Wavelength: Troubled Light (Listening Through Black Midi)


This post is part of Wavelength, a series of guest curated sound art and music mixes.
In a 2006 article for TATE Etc. entitled "Black Moods," Gabriel Ramin Schor surveyed the color black's appearance in the Western art historical canon, and in doing so reminded us of the way Goethe referred to color as "troubled light." From black metal theory to black power; the black screen of a DOS terminal to Olbers' paradoxical blackness of the night sky, I've always been attracted to concepts associated with blackness myself. Crossing from the visual to the aural, as a sound artist and occasional DJ, I was moved to respond to some of what I thought was at stake in Black Midi in the form of a nonchalantly sequenced mixtape qua media-archaeological romp through the archive.


The Impossible Music of Black MIDI


The machine on which Conlon Nancarrow created his player piano rolls. Photo by Carol Law, 1977. Collection: C Amirkhanian.

In 1947, the composer Conlon Nancarrow—frustrated with human pianists and their limited ability to play his rhythmically complex music—purchased a device which allowed him to punch holes in player piano rolls. This technology allowed him to create incredibly complex musical compositions, unplayable by human hands, which later came to be widely recognized by electronic musicians as an important precursor to their work.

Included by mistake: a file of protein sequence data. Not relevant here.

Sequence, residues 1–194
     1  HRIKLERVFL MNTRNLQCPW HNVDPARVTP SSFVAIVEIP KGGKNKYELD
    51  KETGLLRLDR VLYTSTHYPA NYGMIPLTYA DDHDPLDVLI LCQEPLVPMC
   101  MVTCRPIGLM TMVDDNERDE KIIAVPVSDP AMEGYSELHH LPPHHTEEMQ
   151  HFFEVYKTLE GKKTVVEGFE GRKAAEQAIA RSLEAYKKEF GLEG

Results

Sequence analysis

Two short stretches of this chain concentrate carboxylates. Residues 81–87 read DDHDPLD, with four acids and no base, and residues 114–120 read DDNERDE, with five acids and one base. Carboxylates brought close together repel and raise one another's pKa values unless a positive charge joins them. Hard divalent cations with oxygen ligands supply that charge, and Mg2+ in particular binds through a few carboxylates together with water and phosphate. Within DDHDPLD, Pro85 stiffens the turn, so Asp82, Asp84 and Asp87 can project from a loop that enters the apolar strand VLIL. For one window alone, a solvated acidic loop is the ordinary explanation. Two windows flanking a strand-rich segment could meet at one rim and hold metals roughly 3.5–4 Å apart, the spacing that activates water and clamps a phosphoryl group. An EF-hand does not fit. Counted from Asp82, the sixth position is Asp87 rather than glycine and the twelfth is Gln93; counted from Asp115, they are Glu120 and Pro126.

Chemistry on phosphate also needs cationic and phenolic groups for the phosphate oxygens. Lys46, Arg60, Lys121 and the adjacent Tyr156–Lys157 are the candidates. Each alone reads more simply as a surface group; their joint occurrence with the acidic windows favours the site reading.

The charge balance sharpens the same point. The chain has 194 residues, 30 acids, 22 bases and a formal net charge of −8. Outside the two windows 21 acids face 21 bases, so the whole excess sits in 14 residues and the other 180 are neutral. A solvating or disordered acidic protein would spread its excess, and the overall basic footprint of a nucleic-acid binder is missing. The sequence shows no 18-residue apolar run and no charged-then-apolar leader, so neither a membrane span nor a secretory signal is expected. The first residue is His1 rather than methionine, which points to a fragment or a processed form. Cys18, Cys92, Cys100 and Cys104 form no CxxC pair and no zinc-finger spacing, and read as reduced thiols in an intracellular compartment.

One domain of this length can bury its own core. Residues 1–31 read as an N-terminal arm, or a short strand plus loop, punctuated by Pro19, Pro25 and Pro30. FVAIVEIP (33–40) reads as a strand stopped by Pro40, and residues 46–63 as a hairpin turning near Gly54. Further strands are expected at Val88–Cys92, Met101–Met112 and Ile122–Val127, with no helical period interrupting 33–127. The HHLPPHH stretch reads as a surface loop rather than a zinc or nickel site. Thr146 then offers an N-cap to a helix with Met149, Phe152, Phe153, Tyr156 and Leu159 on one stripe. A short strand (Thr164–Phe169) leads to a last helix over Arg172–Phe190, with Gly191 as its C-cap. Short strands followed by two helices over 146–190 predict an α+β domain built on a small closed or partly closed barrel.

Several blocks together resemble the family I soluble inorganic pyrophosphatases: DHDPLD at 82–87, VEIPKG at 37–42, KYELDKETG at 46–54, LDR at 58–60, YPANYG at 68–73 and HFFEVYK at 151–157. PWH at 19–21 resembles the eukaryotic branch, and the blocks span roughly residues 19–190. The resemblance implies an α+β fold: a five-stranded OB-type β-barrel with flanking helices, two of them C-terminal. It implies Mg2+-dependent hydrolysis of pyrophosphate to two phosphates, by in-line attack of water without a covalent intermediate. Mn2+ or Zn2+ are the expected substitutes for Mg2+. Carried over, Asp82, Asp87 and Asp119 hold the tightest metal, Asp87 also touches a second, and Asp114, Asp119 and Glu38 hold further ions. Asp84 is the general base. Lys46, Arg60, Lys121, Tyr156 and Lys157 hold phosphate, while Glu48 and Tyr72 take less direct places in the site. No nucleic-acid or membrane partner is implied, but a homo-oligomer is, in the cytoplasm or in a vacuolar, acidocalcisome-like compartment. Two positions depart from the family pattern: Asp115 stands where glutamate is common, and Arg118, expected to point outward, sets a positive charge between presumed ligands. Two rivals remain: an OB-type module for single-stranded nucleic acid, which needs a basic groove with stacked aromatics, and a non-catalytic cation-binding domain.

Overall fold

A similar interest in seemingly impossible music can be found today in a group of musicians who use MIDI files (which store musical notes and timings, not unlike player piano rolls) to create compositions that feature staggering numbers of notes. They're calling this kind of music "black MIDI," which basically means that when you look at the music in the form of standard notation, it looks like almost solid black:


Blackers take these MIDI files and run them through software such as Synesthesia, which is kind of an educational version of Guitar Hero for the piano, and bills itself as "piano for everyone." It's kind of brilliant to imagine a novice piano player looking for some online tutorials and stumbling across, say, this video of the song Bad Apple, which reportedly includes 8.49 million separate notes.